“Until political blogging ‘adds value’ to our political culture, by allowing new voices, ideas and legitimate protest and challenge, and until the mainstream media reports politics in a calmer, more responsible manner, it will continue to fuel a culture of cynicism and despair.”

Christ alone knows exactly what she’s on about here when she talks about ‘adding value’. Blogs that are on message? That agree with the government line? That don’t insult politicians?

Maybe I’ve missed the point, but I always thought blogging allowed new voices (anybody can start a blog and get involved), new ideas, legitimate protest and challenge. I thought that was blogging in a nutshell, and one of the joys about it – that it encouraged new ideas, and developed those ideas through comment and discussion.

If you’re interested in politics, you can still start a blog even if you’ve got no connection to any political party or come from a particularly political background. Which, given that she’s also trying to get more people from outside the political class involved in politics (one thing I do agree with her on), you’d have thought would be an ideal place to start to look to re-engage a cynical public.

As for the cynicism and despair, then perhaps Blears best look closer to home. It’s difficult not to be cynical and despair of large swathes of what this government does. Not that either of the other two parties seem a great deal better, but the cynicism, despair and malaise set in long ago. Blogs mainly reflect that. If blogging had been around on a large scale back in 1997, it would have been no surprise if an outgoing Tory minister had uttered similar words.

She does, however, raise an interesting point when she says:

“Perhaps this is simply anti-establishment. Blogs have only existed under a Labour government. Perhaps if there was a Tory government, all the leading blogs would be left-of-centre?”

It’s not a completely daft hypothesis, even if the main blogs she mentions – Gudio, Iain Dale, etc – are hardly representative of all political blogs. They just happen to be the ones that, rightly or wrongly, get the most mentions in the mainstream media.

There’s also plenty of left-leaning blogs who are also fed up with this government, as Unity points out:

“It’s all very well flagging up that its only around half a dozen right-wing blogs, at most, who’ve been putting up the big traffic numbers and suggesting that this is ’simply anti-establishment’ and due to blogging having emerged only during the period in which Labour has been in office, but if that’s what she’s thinking then how does she account for the fact that most of the leading liberal and left-wing blogs are equally anti-establishment across a range of key issues from Iraq through to the government’s near-constant assaults on civil liberties and the systematic construction of the database state.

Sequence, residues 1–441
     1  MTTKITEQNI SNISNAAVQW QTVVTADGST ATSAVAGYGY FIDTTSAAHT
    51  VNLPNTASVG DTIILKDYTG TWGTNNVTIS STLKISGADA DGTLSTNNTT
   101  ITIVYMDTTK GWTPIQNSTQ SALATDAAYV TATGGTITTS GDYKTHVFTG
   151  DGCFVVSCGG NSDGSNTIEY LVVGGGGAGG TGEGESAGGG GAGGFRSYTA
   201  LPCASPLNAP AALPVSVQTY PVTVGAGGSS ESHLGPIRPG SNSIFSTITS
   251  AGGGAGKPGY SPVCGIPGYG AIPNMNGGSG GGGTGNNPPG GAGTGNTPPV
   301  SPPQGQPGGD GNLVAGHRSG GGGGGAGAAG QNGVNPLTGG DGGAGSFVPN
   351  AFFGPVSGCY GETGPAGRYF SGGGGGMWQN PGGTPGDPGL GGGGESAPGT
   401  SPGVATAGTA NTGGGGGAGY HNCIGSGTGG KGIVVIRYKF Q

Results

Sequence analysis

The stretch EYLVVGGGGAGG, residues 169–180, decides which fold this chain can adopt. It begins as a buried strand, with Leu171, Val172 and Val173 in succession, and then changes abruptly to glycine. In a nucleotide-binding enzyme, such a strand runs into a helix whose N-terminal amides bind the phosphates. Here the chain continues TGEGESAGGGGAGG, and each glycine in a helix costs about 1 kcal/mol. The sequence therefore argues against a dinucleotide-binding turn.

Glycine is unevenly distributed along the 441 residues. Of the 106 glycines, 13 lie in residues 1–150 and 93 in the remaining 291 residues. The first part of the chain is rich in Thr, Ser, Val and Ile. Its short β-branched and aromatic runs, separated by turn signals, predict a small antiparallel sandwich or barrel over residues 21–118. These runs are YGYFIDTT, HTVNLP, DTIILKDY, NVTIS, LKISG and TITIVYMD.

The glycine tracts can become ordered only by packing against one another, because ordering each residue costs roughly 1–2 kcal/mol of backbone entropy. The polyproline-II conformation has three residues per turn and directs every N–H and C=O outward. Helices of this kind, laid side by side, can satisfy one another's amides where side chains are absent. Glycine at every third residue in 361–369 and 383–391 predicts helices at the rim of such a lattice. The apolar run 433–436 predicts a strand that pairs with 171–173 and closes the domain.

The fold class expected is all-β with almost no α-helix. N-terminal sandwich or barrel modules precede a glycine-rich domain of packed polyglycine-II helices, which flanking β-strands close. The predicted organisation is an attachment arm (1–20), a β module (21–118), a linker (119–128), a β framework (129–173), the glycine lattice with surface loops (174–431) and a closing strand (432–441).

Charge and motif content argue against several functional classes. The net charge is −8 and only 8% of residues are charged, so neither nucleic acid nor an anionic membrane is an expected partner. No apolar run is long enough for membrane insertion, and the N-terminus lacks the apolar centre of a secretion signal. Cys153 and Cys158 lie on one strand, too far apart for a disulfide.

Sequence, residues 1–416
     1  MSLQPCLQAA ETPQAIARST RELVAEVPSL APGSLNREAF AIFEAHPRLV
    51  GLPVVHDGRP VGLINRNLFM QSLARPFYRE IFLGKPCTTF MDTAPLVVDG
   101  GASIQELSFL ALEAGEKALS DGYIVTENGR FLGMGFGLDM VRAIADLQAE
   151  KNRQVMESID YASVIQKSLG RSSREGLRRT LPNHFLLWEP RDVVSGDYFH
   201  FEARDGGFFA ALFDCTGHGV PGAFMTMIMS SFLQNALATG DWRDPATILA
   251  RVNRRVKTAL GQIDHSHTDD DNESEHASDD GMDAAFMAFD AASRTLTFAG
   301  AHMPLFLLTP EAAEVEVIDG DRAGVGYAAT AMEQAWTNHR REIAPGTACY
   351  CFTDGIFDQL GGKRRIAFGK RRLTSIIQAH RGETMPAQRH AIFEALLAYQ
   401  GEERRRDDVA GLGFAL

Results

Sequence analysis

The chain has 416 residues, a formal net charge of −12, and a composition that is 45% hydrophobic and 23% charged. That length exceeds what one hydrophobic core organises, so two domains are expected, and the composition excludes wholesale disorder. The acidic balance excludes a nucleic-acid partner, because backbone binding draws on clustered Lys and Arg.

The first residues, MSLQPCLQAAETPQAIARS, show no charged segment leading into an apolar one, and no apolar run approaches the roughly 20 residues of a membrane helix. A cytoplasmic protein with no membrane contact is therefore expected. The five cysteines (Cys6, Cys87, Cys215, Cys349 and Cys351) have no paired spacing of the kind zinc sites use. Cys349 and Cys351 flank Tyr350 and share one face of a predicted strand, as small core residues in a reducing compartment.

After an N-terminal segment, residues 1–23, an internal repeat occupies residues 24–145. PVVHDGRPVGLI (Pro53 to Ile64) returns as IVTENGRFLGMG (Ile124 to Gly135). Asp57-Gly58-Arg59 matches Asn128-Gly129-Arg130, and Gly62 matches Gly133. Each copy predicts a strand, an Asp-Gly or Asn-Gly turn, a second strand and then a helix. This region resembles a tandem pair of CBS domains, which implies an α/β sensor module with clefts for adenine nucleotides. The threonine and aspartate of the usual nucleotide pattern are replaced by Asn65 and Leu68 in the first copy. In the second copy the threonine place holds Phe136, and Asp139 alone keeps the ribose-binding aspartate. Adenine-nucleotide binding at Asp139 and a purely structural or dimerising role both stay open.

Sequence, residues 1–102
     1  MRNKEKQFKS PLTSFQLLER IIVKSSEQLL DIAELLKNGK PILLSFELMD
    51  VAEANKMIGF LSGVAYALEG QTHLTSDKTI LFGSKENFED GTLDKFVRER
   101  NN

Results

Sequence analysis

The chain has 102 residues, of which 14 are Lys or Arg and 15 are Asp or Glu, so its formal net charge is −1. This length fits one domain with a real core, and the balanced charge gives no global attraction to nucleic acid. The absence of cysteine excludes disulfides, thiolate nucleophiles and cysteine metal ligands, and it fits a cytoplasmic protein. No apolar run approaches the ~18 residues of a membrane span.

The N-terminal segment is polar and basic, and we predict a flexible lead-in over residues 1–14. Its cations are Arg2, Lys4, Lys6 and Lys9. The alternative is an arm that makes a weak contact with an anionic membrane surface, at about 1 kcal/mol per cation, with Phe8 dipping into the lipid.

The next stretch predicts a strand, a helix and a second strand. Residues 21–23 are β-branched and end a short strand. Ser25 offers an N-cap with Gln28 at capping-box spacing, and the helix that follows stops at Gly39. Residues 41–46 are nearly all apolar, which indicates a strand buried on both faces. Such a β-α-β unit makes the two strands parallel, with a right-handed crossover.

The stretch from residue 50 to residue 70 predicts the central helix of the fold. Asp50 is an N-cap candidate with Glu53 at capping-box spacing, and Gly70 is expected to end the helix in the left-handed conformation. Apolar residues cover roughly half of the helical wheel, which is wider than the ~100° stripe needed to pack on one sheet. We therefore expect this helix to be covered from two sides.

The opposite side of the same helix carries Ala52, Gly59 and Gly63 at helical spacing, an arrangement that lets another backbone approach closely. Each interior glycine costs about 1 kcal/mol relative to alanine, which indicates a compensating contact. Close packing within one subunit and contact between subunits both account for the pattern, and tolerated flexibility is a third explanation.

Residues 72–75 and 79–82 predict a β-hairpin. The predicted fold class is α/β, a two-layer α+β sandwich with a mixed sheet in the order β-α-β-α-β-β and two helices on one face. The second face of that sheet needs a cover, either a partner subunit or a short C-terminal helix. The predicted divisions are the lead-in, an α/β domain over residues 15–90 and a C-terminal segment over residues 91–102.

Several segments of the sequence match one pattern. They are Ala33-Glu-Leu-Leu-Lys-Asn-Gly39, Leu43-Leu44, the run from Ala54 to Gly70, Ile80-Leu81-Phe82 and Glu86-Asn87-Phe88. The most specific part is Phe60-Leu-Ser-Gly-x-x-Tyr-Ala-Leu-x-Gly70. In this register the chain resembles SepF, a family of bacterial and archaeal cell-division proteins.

The problem that the current government has isn’t that there’s a general lack of popular or influential left-of-centre blogs, its that its policies on Iraq, etc. cost it the support of the vast majority of major players in the left-of-centre blogosphere, most of whom are at least semi-detached from the Labour Party if not operating fully within a broad ‘independent left’ category.”

It’s telling that when you compare the attitude of British politicians to the internet with their American counterparts, we come across as a lot less enlightened. Hell, a large part of Barack Obama’ success was built on the fact he managed to mobilise support online across the country:

“You know the executives that balk at implementing social media campaigns, well Barack Obama and John McCain showed that social media is no passing fad. Both candidates embraced blogs, social networks and Web video

***

The Obama campaign created a social network, MyBarackObama, on its official Web site. Members of that network at times criticized the candidate over his various positions.”

So while Obama, and the 72-year-old John McCain were busy getting their message out online, listening to their core support and, if necessary, modifying policies, this government is busy looking for more ways to regulate the internet and follow every part of our lives online.